Heaven: That's what I first thought about Atilla's Getaway at 8:00 in the morning. Our night bus from Istanbul arrived early, so I struggled to enter the world and put in my contact lenses while Scott found the tourist office and called the hostel to pick us up. Five minutes later we were standing in front of a serene pool surrounded by faux Greek statues, hammocks, and cushions, being offered a choice of 6 delicious breakfasts. Our excitement defeated our exhaustion, and we headed to the ancient site of Ephesus right after breakfast.
The ruined city was just as hot and even more interesting than I had remembered. Scott and I bought a small guidebook that taught us a little something about each section. Wandering around the odeon, agora, fountains and mansions, we tried to imagine what it might have been like once upon a time. The highlights of the visit--the famous "library" (really a giant mausoleum) and the huge theatre--came at the end of the site, just in time to peak our interest despite the heat.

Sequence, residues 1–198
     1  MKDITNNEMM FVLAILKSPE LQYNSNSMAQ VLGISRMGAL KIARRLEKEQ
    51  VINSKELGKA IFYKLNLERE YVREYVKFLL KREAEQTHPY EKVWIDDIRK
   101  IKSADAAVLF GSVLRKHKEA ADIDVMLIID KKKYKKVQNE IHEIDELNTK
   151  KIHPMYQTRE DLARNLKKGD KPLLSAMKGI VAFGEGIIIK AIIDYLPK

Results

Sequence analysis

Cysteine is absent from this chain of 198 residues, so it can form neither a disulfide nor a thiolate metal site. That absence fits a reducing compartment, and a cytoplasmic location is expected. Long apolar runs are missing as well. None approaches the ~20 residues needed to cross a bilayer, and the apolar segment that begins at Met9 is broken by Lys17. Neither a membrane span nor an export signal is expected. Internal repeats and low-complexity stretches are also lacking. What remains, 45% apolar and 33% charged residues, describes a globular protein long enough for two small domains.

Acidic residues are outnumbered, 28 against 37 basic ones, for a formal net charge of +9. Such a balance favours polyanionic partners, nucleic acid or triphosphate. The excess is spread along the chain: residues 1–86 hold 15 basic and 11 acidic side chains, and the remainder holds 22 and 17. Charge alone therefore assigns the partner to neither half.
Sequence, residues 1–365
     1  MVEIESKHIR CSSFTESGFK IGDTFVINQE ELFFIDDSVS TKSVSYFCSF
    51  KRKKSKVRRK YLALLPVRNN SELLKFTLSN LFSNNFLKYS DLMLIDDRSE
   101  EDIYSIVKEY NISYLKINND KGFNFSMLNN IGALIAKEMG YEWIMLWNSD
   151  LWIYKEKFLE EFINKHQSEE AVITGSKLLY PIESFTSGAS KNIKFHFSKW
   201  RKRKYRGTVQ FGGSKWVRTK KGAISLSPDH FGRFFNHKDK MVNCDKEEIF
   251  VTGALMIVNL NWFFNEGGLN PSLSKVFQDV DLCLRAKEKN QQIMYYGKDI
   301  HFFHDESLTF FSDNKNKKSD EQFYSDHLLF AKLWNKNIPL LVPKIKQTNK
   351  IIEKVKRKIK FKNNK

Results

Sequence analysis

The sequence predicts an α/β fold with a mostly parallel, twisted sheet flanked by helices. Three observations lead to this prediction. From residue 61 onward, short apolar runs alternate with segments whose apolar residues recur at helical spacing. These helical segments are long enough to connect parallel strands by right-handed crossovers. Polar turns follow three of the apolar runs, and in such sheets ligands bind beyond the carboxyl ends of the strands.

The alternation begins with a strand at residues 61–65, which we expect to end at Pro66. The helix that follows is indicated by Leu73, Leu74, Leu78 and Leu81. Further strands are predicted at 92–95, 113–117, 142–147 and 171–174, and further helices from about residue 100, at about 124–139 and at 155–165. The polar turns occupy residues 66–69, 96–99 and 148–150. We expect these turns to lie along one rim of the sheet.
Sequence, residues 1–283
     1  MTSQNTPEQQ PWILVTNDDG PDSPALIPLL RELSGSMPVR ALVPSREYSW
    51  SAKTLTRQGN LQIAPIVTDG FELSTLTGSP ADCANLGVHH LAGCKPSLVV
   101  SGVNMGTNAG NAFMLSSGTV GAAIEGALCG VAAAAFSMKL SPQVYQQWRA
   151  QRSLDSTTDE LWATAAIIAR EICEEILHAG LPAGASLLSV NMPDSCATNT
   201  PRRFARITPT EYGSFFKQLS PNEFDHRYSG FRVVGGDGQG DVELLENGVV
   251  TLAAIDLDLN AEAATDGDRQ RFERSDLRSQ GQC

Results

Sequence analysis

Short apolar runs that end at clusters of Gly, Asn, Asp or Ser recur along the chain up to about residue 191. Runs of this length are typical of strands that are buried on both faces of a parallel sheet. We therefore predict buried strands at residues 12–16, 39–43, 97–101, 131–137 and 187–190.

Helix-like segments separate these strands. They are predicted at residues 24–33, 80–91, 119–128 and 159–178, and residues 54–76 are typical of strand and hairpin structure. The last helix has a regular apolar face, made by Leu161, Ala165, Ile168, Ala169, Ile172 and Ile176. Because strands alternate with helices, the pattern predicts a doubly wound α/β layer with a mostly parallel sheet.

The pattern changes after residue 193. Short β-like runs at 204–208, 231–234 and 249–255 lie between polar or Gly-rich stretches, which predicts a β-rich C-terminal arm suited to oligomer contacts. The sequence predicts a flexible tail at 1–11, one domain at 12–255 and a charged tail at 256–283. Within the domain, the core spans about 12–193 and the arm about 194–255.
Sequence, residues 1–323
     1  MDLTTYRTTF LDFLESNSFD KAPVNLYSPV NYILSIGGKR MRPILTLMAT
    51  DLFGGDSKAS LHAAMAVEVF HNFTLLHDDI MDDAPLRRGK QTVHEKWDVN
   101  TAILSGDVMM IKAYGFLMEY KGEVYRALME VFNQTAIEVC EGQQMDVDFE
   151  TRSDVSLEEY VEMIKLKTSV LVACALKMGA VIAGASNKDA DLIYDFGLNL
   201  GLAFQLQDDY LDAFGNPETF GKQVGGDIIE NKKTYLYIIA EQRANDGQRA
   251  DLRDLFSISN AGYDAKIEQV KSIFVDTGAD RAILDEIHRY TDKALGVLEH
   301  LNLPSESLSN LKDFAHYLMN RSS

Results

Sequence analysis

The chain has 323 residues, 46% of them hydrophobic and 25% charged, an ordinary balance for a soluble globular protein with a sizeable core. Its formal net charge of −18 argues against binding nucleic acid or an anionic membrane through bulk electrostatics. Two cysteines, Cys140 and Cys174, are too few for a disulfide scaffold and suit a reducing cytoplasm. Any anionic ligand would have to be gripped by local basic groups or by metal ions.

It's funny that all of my photos from my week in Selcuk are of those two hours in Ephesus. The rest of our days were far less eventful. Except for a couple short excursions to the Ephesus Museum (where they keep all the statues and treasures safe from the swarms of tourists at the actual site) and a little Greek village, we spent the rest of our time relaxing by the pool. The most excitement we had was when we took the shuttle into town to buy water, bananas, or cookies. Each day we had important decisions to make: omlettes, french toast, or a delicious yogurt/musli/fruit salad for breakfast; sunbathing or swimming in the afternoon; ping pong or backgammon in the evening; and playing pool or smoking a traditional Turkish shisha after dinner.
The first day when we came back from Ephesus, I didn't know what to do with my new freedom. After rushing from one excitement to the next in Romania and Istanbul, I was bored and restless here. I felt like we were wasting our remaining three weeks doing nothing. The longer we stayed, though, the more I got into it. I got to know some cool Australians, and the more time I spent doing nothing, the less I felt like doing. After seven days it was clearly time to hit the road, but in the end it was hard to pull myself away.